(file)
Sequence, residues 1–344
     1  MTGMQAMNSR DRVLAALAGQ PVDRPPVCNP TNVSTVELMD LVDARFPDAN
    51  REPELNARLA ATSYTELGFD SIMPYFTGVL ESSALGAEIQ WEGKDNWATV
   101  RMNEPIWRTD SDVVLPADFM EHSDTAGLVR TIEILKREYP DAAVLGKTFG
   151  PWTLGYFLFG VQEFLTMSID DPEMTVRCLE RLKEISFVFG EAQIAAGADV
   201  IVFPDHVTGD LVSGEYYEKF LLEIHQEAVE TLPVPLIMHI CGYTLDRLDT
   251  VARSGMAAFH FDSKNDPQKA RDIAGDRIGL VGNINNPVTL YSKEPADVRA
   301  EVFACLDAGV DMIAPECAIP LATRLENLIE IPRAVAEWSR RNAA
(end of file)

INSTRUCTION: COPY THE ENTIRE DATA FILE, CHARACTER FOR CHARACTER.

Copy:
Sequence, residues 1–344
     1  MTGMQAMNSR DRVLAALAGQ PVDRPPVCNP TNVSTVELMD LVDARFPDAN
    51  REPELNARLA ATSYTELGFD SIMPYFTGVL ESSALGAEIQ WEGKDNWATV
   101  RMNEPIWRTD SDVVLPADFM EHSDTAGLVR TIEILKREYP DAAVLGKTFG
   151  PWTLGYFLFG VQEFLTMSID DPEMTVRCLE RLKEISFVFG EAQIAAGADV
   201  IVFPDHVTGD LVSGEYYEKF LLEIHQEAVE TLPVPLIMHI CGYTLDRLDT
   251  VARSGMAAFH FDSKNDPQKA RDIAGDRIGL VGNINNPVTL YSKEPADVRA
   301  EVFACLDAGV DMIAPECAIP LATRLENLIE IPRAVAEWSR RNAA